• 2 t brown sugar or sucanat
  • 1 t molasses

Toss everything together so the meat is evenly coated, then lay out on dehydrator trays and dehydrate at 115 until dry and bendy; this should take several hours, but don’t dry so much that the jerky cracks or shatters when bent. If you don’t have a dehydrator you could either do this in your oven on the lowest setting - it will dry much faster as most ovens don’t go below 170, OR rig up a cold dehydrator by sandwiching the meat between racks and then sandwiching that between two box fans on low.

Store dried jerky in an airtight container; for extended storage you can keep bigger batches in the freezer and thaw them as needed.

Chimichurri Steak

Last night I went to an awesomely fun and insanely fancy and delicious Holiday party. When I walked in there were so many great friends everywhere, I felt like the luckiest woman in the world. My friends are incredibly smart and really funny and so kind. Then somebody handed me a crispy, crusty grilled cheese sandwich in a cup of red pepper and tomato cream soup. Yum! And then Ceasar salad, dressed with just the right amount of anchovy deliciousness, served in little Chinese take out containers. Oh my gosh. Then I tried the mini Kobe beef burgers on brioche. They were so umami & buttery that I couldn’t believe it, so I had another one just to see if it was real. It was.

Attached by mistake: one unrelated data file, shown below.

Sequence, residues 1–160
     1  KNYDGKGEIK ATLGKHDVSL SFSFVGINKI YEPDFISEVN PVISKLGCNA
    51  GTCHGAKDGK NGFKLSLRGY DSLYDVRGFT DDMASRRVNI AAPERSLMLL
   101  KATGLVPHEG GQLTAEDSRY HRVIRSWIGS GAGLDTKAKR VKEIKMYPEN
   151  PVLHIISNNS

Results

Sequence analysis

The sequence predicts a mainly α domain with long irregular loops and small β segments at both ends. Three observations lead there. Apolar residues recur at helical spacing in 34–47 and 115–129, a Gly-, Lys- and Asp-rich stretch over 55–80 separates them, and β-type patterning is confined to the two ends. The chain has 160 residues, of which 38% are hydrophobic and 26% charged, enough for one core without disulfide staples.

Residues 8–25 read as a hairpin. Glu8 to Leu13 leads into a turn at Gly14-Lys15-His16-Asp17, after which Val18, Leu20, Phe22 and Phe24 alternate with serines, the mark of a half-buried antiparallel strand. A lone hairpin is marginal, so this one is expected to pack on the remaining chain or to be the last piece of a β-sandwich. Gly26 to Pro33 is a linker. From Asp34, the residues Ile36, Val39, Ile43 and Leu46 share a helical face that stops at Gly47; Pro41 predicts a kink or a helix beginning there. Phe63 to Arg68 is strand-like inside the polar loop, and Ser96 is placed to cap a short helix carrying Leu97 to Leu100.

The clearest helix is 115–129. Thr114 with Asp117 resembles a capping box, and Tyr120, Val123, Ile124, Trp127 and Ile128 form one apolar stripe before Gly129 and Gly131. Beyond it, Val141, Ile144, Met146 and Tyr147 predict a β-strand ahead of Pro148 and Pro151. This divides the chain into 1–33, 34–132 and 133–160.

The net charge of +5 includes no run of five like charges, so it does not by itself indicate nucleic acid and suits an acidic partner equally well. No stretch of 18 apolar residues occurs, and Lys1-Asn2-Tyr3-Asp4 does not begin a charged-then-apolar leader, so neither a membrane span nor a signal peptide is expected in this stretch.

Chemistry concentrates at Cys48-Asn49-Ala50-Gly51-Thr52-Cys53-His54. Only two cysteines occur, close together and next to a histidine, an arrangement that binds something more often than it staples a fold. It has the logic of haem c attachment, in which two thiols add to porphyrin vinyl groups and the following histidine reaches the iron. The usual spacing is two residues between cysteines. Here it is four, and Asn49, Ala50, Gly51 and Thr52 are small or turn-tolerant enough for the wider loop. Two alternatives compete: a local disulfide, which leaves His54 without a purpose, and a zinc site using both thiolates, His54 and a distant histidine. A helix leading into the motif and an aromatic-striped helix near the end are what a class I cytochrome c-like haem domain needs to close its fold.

Then they started passing plates of skewers; Perfectly grilled chicken and really tender steak garnished with the most amazing Chimichurri sauce. My mind was blown by flavor. I complimented one of the chefs as she placed another plate of amazing food on the table. And then I grilled her about “what’s in that Chimichurri?” She told me it had the usual parsley, garlic, lemon juice, red wine vinegar and oil, but they also added fresh minced rosemary and oregano. She said they make sure to finely mince the rosemary because it can have a woody texture. I have both of those herbs growing in my yard, along with the parsley and thyme. Must make Chimichurri!